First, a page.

Ungrateful Friend? Here’s How to Handle It
Dear Selfless Esteem,
I have a lifelong friend who seems more & more ungrateful & cold hearted. For years I’ve been there for her by encouraging & listening & helping her out financially when I didn’t have much myself. She had similar beliefs but now snaps at me whenever I bring up God or the Bible. She gets mad over any & everything. She’s become extremely critical, yells when I disagree & no matter what I do she points out how I haven’t done enough. I care a lot about her but the rapport doesn’t feel healthy.
Loving Someone Ungrateful
Dear Loving Someone Ungrateful,
It sounds like you have been such a good friend to this person for so long. (っ◔◡◔)っ ❤ But now the friendship doesn’t feel healthy anymore so let’s break it down.
The Cause of an Ungrateful Friend
Your friend is seemingly not in a good place in her life for some reason and so she is at a low level of functioning as well. Most likely, some disappointment is causing her anger, and she is taking it out on you.
Another reason for her anger with you could be that her expectations are too high. Most people understand that each of their friends have different strengths, and so they call upon them accordingly. For example, you may have an early-bird-friend, a night-owl-friend, and a friend, who is good with kids. Then you would ask your early-bird-friend to join you on a morning walk, you would call your night-owl-friend for a listening ear when you have trouble falling asleep, and you would request your friend, who is good with kids, to help entertain your children while you get some work done. However, your friend is unrealistically expecting you to meet practically all of her needs—you are her “go to” for everything. You are doing the work of other people; she may need a quality therapist and a case worker for financial aid programs.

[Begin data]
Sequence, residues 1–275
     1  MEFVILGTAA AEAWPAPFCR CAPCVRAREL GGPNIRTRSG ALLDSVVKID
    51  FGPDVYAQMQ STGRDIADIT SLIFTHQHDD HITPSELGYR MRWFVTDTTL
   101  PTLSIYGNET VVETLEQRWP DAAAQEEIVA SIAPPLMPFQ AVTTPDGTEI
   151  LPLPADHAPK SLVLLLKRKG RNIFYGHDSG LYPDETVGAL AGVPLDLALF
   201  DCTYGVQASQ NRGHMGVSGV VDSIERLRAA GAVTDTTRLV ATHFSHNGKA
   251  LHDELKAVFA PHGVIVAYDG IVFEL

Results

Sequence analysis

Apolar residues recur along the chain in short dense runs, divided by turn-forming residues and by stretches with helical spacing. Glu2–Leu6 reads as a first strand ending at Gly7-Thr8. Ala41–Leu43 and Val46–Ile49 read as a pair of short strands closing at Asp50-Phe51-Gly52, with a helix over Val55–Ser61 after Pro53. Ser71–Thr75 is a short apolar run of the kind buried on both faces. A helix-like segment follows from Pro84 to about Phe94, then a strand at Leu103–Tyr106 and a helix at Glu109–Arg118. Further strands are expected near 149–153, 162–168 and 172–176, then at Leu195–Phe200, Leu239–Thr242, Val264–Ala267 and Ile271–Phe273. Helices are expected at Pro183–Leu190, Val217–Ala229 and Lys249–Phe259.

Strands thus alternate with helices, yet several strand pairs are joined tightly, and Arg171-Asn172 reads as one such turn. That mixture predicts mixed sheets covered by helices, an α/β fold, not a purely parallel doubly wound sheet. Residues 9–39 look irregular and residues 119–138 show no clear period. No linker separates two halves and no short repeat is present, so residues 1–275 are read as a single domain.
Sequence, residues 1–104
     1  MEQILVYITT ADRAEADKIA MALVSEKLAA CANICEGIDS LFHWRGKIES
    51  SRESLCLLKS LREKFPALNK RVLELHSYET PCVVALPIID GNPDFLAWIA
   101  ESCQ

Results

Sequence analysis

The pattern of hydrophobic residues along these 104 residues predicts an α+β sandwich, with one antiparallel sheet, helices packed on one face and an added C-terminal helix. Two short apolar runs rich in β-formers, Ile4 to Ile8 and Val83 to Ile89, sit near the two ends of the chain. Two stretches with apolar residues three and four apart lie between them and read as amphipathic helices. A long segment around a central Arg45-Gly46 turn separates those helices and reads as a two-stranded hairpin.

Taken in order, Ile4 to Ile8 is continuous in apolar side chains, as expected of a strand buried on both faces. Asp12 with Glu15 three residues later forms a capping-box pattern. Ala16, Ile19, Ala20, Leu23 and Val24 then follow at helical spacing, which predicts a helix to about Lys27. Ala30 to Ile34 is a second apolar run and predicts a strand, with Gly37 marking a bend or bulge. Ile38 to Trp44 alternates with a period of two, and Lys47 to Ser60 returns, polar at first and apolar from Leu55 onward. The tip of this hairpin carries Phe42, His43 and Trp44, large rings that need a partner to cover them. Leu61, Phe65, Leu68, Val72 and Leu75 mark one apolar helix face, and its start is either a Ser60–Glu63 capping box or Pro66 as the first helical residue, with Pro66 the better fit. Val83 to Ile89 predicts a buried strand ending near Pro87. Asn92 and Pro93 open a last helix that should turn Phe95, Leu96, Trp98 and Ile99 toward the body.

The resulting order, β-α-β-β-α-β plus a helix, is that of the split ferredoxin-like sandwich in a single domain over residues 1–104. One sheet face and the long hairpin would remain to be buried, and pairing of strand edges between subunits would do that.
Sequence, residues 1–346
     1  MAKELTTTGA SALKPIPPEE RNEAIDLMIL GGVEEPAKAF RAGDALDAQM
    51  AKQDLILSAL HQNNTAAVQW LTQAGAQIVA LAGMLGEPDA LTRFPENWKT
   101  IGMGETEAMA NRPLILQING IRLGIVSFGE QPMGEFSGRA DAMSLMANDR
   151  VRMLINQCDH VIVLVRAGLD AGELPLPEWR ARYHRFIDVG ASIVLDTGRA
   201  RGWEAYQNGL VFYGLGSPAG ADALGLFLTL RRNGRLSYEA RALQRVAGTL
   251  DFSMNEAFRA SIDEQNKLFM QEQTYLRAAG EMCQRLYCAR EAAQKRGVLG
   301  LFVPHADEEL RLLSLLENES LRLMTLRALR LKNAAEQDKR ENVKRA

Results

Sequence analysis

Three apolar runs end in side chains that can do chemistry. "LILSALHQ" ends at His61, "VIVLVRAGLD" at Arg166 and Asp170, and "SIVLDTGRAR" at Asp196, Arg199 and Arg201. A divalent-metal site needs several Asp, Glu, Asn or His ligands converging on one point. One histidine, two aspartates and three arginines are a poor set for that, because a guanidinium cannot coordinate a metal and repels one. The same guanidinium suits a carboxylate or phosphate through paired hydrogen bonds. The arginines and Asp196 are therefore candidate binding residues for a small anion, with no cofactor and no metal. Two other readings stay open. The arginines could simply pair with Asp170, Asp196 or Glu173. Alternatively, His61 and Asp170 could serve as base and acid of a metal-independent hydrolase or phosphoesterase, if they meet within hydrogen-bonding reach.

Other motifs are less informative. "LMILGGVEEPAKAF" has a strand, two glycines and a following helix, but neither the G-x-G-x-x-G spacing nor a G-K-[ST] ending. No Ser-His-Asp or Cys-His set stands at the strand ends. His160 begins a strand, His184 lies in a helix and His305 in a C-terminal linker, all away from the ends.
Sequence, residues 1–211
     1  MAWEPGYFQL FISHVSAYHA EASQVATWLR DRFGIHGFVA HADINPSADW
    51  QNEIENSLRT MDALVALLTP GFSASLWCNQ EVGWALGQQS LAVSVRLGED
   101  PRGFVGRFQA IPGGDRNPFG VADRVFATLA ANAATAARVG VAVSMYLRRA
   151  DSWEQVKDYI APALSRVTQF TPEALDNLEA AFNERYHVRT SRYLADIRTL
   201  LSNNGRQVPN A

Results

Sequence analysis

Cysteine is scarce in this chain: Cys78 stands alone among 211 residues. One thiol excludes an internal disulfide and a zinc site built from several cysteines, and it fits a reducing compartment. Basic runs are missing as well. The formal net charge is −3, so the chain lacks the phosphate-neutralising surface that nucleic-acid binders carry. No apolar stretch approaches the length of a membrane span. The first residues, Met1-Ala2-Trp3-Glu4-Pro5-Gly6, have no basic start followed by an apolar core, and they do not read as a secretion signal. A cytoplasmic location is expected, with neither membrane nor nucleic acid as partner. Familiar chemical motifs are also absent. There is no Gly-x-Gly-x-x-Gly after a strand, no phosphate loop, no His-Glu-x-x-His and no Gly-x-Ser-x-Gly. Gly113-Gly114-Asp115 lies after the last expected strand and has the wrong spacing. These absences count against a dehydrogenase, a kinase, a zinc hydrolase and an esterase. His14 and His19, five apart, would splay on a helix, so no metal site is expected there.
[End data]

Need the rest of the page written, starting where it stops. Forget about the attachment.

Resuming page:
Redefining the Friendship
You stated that this doesn’t feel healthy anymore. It looks like you have a choice of whether you want to take a break from the friendship or whether you want to redefine the friendship. Redefinition would include participation in activities that wouldn’t lead to an argument, such as an exercise class. It would also mean defining boundaries of what you willing and able to do for her.
Whatever you choose, consider calmly and respectfully sharing your decision, thoughts and feelings with your friend. Or you could express yourself in a letter instead. Of course, mention how much you care for her and want the best for her. (You may be interested in the post, “The Best-Ever Solution for a Friend Issue.”
Regarding her religious beliefs, the best thing you can do is pray and leave it to God. He can reveal Himself to her and help her through this difficult time. He is sovereign (Nehemiah 9:6) and He loves her very much (John 3:16).
Be a Friend to Yourself
In the meantime, you’ve been doing so much for others, be sure to take care of yourself too. You seem to be affected by this emotionally so you might benefit from expressing your feelings to a competent therapist. Also see the post “6 Effective Ways to Manage Stress.”
Most importantly, spend time with the greatest friend we can have, Jesus (John 15:15). To read more about focusing on God, see the posts, “Why Selfless Esteem Is Better Than Self-Esteem,” “The Real Truth About God,” and “How To Pray in 5 Simple Steps.” He is truly a friend, who “loves at all times” (Psalm 17:17). ❤(ˆ‿ˆԅ)
All Scripture quotations, unless otherwise indicated, are taken from the Holy Bible, New King James Version®. Copyright © 1984 by Thomas Nelson Publishers, Nashville, TN. Used by permission. All rights reserved.
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